It is believed that the hardware market for lighting will become a 50 billion USD per year market whereas the services that run on this IoT enabled hardware will amount to 550 billion USD. (Source; BI Intelligence)

Whether these figures are entirely correct is not really relevant. What is relevant is that the value of services created by this hardware will increase rapidly by a manifold factor. This translated will probably mean that a luminaire that costs 200 Euros will generate an income (during its life time) of more than 2000 Euros!)

A luminaire in a grocery store will no longer be a cost to the retail chain, it will be a money maker, like the billboard on the parking lot.

Walmart, Metro, Tesco or Carrefour can start charging Coca-Cola, Procter, Mars and the like for information about what is happening around their merchandise inside the stores -  per country, per city, per suburb or per store or even per area inside the store. How many people are passing by the Kellogg’s cornflakes per hour, per day or per month? And how does this compare to the traffic in front of Nestlé’s cornflakes?

Tied with social media and customer engagement applications (which will soon replace customer loyalty cards) the retailer will know when a particular consumer is entering one of their stores, and welcome these customers once they engage with the store-app on their phones. The luminaires however will know the location of the consumers inside the store and enable the brands (its suppliers) to engage with these customers one-on-one. For instance, to send them a discount voucher on their phone if they are in front of their products for a certain amount of time. The Bluetooth chip inside these luminaires will detect the proximity of the user’s phone and connect with these phones, once instructed to do so by the system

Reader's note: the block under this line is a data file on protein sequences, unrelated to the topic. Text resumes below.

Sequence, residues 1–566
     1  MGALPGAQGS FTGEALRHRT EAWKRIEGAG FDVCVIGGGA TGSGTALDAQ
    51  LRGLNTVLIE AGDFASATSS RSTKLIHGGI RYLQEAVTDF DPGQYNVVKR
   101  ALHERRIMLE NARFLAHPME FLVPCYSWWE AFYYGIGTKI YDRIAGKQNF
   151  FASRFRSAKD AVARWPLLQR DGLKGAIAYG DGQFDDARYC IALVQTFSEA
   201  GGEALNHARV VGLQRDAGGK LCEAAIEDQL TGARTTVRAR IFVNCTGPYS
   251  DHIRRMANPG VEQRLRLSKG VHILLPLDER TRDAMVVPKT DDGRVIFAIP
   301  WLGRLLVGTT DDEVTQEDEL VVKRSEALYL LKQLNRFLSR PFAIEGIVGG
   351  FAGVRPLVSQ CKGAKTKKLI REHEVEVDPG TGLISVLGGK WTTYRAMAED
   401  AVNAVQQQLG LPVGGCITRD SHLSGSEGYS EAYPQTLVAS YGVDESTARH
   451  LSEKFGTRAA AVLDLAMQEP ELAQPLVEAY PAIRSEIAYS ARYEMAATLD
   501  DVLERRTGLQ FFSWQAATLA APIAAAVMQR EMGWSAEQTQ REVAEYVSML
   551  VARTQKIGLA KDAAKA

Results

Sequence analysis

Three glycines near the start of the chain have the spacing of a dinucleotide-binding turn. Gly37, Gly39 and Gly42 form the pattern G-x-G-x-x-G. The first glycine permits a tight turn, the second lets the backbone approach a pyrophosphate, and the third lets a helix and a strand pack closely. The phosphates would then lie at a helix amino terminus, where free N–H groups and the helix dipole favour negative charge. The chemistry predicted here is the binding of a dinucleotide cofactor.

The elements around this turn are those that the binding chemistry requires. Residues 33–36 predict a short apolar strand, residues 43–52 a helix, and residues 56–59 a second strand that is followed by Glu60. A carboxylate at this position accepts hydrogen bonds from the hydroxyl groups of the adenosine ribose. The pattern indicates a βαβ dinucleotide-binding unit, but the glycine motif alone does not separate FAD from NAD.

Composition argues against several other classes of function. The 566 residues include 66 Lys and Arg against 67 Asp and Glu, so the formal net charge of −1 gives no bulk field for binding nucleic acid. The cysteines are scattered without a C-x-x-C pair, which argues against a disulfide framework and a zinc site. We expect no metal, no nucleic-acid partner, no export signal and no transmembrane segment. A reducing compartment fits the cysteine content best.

“Early adapters in retail environments could see share gains as well as cost reductions from leaner inventories, lower operating costs, and better use of floor space”  (McKinsey – The Internet of things – June 2015)

Today stores are using luminaires which just illuminate their space at a certain cost. Soon these luminaires become invoice generating devices creating recurrent income for these stores, on top of a better and smarter control of their lighting and an optimized energy bill.

The brands that will pay these retailers for access to their platform (enabled by their luminaires) and for the information and reporting they will obtain, will eventually determine what system a retailer needs to implement to maximize business/revenue models.

Once these specifications have been determined, the retailers’ top management will instruct their engineers to purchase and install luminaires with these capabilities. And if their long term luminaire suppliers do not have this technology? Too bad, since their retail customers will likely source it elsewhere. Lighting which simply provides illumination can be bought from any supplier; over and above this, lighting which not only does not cost, but actually generates money, will become the go-to option.

Jan Kemeling

CCO Gooee Ltd.